catacomber (catacomber) wrote,

  • Mood:

Bertalanffy and Hayles (Wed Wk 3)

This week's readings are focused on two readings which serve as a kind of call and response. The first is Bertalanffy's "The meaning of General System Theory". the other is Katherine Hayles' interpretation of Norbert Wiener's treatises on Cybernetics, primarily a critical reading of his Human Use of Human Beings. While Bertalanffy's work is primarily an older order scientific proposition, in the sense that it is not intended to be seen as its own historical evidence, it is an analysis of some of the implications of Wiener's work. Hayles' work is a critical overview, and consequently self-conscious at least in the sense that it is literary criticism (of a sort) and it includes itself as an observer eye in the macrouniversal feedback loop of information consumption, interpretation, modification, and dissemination. (sorry, that was a little on the cerebral side. I'll try to be a little more clear.)

Because of the positioning of these two works, we can see a distinction between them that places Bertalanffy in a surprisingly modernist perspective, despite the fact that he is describing events that will inevitably contribute to the postmodern gestalt. In fact, I would go so far as to attribut his way of thinking as containing some semblance of classic Fordism. For him, his work is simply its own hallmark of good old fashioned progress: "General System Theory will go a long way towards avoiding such unessecary duplication of labor." (34) I can call it Fordism, in the sense that he is equating the functions of science with the functions of labor, but we might even trace it back to older, more "traditional" enlightenment thinking like Smith or Rousseau. The elegance of this statement should also be noted because his idea is thematically succinct with his work. To extract the functions of labor and production as useful descriptors of the functions of science is sytem theory at work. It's an example of principle #4: it is the development of "unifying principles running 'vertically' through the universe of the individual sciences".(38)

Hayles takes a definedly postmodern approach to the work of Wiener (and Bertalanffy implicitly) by using their work as the grist for her own mill. (I index her postmodernity by equating her bread/product with information/memory.)Hers is an examination of where Wiener and Bertalanffy leave off, that is, of the social and ideological implications of their work which they both effectively run away from. Although Hayles spends most of her time on Wiener, who was an indespensible influence on Bert., they both end their respective treatises in a retreat. Hayles aregues that this retreat is the reult of a fear of the loss of the individual, something which would directly threaten their "liberal humanism". Although she doesn't argue in the case Bertalanffy directly, she does claim that Wiener was immanently concerned with his own humanistic implications, and she uses his refusal to do research under military grants after his ballistics reasearch. But, Hayles argues, the ballistics reasearch sealed the deal, so to speak. Once the pilot had been reduced to a functional feedback loop, and cybernetics had firmed its place in the realm of scientific inquiry, the damage was irrevocably done. (not to blame Wiener for anything negative. Not only do I not see his work as implicitly negative, I also would again suggest that there is an inexplicable inevitability to all this. RE: why is the most common patenting problem the timing of the proposed patents(because so many people are all of a sudden trying to patent the same thing at the same time)?)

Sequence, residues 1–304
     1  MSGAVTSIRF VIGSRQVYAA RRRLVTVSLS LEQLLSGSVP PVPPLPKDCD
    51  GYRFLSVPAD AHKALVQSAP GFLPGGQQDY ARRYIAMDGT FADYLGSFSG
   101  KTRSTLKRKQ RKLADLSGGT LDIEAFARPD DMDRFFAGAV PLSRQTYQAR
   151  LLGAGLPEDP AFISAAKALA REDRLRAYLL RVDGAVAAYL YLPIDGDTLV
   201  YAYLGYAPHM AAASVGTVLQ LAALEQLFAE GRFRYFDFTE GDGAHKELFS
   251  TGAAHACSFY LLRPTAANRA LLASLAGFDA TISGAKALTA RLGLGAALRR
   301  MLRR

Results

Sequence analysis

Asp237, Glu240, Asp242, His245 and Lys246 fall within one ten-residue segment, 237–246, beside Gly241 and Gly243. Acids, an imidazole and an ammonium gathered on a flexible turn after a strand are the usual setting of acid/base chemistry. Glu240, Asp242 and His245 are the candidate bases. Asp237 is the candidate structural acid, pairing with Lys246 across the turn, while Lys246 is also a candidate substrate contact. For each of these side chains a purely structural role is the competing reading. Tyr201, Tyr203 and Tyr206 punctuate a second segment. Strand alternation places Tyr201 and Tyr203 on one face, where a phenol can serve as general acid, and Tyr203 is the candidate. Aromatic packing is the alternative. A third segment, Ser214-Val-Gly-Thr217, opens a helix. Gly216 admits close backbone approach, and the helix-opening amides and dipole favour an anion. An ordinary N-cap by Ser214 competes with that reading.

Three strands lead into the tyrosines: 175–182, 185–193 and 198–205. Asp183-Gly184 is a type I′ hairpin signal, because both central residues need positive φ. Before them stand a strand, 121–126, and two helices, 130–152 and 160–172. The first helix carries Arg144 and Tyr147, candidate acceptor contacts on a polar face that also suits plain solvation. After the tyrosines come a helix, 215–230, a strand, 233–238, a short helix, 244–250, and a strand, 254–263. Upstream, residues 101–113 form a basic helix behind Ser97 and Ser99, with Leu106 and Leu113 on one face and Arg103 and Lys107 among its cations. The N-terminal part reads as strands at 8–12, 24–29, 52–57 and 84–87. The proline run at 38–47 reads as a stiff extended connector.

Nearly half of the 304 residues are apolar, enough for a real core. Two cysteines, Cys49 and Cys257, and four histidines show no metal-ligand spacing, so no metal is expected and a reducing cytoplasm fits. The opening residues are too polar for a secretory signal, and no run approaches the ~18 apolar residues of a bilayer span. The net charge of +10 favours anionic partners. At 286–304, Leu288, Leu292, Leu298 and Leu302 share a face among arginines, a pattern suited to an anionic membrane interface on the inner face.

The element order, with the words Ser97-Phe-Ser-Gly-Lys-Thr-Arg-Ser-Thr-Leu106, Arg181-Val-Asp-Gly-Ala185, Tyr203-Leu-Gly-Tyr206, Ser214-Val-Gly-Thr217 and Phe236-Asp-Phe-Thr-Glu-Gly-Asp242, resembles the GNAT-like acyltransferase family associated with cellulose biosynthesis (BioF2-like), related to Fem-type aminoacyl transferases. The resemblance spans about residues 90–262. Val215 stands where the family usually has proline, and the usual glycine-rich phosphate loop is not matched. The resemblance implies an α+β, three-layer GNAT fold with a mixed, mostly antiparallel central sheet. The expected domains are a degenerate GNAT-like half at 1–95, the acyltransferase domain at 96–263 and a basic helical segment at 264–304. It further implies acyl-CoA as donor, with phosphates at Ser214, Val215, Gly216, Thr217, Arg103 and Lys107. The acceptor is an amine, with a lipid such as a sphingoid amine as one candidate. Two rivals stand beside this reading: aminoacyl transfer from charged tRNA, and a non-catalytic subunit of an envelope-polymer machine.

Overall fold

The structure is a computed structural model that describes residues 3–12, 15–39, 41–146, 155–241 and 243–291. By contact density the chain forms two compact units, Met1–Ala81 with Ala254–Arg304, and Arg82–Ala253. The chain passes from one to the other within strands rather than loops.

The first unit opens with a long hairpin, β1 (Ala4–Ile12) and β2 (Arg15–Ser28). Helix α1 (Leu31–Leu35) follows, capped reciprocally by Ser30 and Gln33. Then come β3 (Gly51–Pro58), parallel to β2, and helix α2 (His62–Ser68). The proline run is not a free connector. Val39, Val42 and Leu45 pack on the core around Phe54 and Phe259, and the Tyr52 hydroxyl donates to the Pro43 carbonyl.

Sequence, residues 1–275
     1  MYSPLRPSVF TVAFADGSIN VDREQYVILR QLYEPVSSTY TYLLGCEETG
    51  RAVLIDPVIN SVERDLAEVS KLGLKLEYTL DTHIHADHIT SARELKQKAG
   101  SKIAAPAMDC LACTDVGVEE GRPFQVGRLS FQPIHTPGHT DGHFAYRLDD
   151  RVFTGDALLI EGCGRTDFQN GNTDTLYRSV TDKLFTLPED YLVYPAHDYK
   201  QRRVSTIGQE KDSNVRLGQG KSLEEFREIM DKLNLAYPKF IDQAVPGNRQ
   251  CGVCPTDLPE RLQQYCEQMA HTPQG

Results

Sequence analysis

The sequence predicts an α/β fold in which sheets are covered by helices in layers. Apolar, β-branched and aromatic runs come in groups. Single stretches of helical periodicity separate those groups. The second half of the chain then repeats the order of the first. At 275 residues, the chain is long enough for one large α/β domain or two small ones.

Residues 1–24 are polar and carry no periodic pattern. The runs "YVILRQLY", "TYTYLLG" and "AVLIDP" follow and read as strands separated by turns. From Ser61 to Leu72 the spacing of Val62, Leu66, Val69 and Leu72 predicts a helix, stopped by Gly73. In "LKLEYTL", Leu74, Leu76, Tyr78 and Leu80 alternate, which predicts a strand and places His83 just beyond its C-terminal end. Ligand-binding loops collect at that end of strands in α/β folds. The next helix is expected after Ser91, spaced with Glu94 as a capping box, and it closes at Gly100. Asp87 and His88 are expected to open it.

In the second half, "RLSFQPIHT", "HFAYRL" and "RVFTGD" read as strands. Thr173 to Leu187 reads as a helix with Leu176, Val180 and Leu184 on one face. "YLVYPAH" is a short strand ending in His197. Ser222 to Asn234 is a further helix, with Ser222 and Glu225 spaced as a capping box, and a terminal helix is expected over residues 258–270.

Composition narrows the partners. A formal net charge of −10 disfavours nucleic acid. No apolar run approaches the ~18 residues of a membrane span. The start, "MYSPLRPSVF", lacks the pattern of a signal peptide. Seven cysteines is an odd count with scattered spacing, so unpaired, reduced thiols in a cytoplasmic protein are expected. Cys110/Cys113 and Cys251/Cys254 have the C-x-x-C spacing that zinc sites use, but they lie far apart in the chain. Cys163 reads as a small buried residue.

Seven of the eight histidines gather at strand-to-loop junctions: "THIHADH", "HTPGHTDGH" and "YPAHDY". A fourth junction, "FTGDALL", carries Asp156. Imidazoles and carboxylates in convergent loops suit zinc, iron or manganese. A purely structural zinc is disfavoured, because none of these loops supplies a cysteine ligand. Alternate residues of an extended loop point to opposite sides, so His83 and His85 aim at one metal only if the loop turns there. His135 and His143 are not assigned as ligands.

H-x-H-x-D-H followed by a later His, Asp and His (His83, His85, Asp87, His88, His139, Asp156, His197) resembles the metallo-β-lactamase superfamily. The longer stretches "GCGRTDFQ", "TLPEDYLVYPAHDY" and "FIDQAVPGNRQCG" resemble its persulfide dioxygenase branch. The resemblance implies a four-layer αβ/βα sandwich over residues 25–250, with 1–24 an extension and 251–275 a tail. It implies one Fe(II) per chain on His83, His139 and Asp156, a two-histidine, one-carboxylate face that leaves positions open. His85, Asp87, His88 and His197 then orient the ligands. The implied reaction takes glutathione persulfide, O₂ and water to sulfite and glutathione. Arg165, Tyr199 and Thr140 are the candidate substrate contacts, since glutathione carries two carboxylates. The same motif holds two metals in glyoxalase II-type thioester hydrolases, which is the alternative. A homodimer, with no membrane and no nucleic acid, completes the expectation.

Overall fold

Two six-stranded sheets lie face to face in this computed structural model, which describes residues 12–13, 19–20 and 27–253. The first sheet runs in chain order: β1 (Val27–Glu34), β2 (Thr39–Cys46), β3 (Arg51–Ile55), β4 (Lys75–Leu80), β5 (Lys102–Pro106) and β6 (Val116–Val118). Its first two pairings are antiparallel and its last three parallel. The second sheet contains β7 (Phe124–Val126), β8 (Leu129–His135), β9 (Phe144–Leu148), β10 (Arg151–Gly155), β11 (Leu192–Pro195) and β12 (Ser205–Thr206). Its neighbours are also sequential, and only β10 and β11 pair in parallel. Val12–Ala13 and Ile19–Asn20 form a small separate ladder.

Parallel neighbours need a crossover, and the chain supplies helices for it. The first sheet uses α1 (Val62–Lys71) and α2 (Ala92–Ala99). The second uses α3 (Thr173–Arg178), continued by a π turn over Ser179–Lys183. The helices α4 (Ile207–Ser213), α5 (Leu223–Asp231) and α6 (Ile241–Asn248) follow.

So on a cultural level, I think what we are seeing here is the foundation for something that I have for years described as "existential terror". first, notice the popularity of horror, particularly the popularity of gore, the splaying and disfiguring of bodies. Once again, look at the dates. First, there's that really creepy recurrance of the year 1968: the birth of software, Bertalanffy's piece, also, Englebert's date of proposal for mouse research, circa Harvey's great decline, etc. I would also introduce the work of Phil K Dick as an interesting addition to these problems of identity and the terror of the loss of the self. 1968 was the year Do Androids Dream of Electric Sheep was published. 1969 would bring Ubik. These are both hallmark novels for him, novels which typify what Brian Harvey call the terror of the post modern.

Other things are traceable in this thread. If we go back to WWII, it should be noted that Korzysky's Institute of General Semantics is founded in 1943, same time that Wiener is doing his ballistics research. This is interesting because they are already talking about analogy. With writers like Hayakawa, Berman, and Russell Meyers, we start seeing articles in their journal with titles like "The Is of Identity and definitions", "The significance of being unique", "Another look at individualism"... The problems of identity loss and the source of what may be the largest spread fear of the last half of the twentieth century may arguably be rooted in the fear of the loss of self.

In a quick, final aside, if anyone who reads this hasn't seen The Ring yet, (not LOTR, leave me alone) based on the Japanese Ringu, then see it. It is the ultimate post modern horror movie. It is also one of the scariest movies to emerge in recent years, I humbly claim.

Below is a posting of a paper I wrote earlier this year. Its kind of a piece of shit because I had to write it really hastily, but I think its interesting how all this stuff was saturating my thinking even before I took the class. Its about people and their rock and roll gods, which is a lot more accessible than ballistics to most people. I strongly doubt anyone will take the time to read it, but here it is.
  • Post a new comment


    default userpic